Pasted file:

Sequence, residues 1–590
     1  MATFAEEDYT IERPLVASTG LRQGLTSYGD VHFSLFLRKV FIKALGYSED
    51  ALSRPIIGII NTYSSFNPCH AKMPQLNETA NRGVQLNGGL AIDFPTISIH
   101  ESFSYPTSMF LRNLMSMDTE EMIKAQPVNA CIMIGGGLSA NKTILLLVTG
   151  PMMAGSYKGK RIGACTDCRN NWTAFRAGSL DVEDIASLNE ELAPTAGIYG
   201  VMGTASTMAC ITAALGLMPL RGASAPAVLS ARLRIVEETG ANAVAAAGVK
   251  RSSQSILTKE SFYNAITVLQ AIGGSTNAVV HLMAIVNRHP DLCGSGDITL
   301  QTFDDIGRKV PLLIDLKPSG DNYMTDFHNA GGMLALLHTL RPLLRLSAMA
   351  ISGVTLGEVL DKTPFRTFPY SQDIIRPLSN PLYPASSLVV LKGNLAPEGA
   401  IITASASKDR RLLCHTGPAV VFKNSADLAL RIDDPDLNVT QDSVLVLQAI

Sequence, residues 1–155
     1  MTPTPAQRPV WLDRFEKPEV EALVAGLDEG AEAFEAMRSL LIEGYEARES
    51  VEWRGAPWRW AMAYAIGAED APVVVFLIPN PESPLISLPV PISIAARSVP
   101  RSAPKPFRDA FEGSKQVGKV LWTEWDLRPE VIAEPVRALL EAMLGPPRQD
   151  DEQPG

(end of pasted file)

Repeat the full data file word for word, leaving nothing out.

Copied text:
Sequence, residues 1–590
     1  MATFAEEDYT IERPLVASTG LRQGLTSYGD VHFSLFLRKV FIKALGYSED
    51  ALSRPIIGII NTYSSFNPCH AKMPQLNETA NRGVQLNGGL AIDFPTISIH
   101  ESFSYPTSMF LRNLMSMDTE EMIKAQPVNA CIMIGGGLSA NKTILLLVTG
   151  PMMAGSYKGK RIGACTDCRN NWTAFRAGSL DVEDIASLNE ELAPTAGIYG
   201  VMGTASTMAC ITAALGLMPL RGASAPAVLS ARLRIVEETG ANAVAAAGVK
   251  RSSQSILTKE SFYNAITVLQ AIGGSTNAVV HLMAIVNRHP DLCGSGDITL
   301  QTFDDIGRKV PLLIDLKPSG DNYMTDFHNA GGMLALLHTL RPLLRLSAMA
   351  ISGVTLGEVL DKTPFRTFPY SQDIIRPLSN PLYPASSLVV LKGNLAPEGA
   401  IITASASKDR RLLCHTGPAV VFKNSADLAL RIDDPDLNVT QDSVLVLQAI

Sequence, residues 1–155
     1  MTPTPAQRPV WLDRFEKPEV EALVAGLDEG AEAFEAMRSL LIEGYEARES
    51  VEWRGAPWRW AMAYAIGAED APVVVFLIPN PESPLISLPV PISIAARSVP
   101  RSAPKPFRDA FEGSKQVGKV LWTEWDLRPE VIAEPVRALL EAMLGPPRQD
   151  DEQPG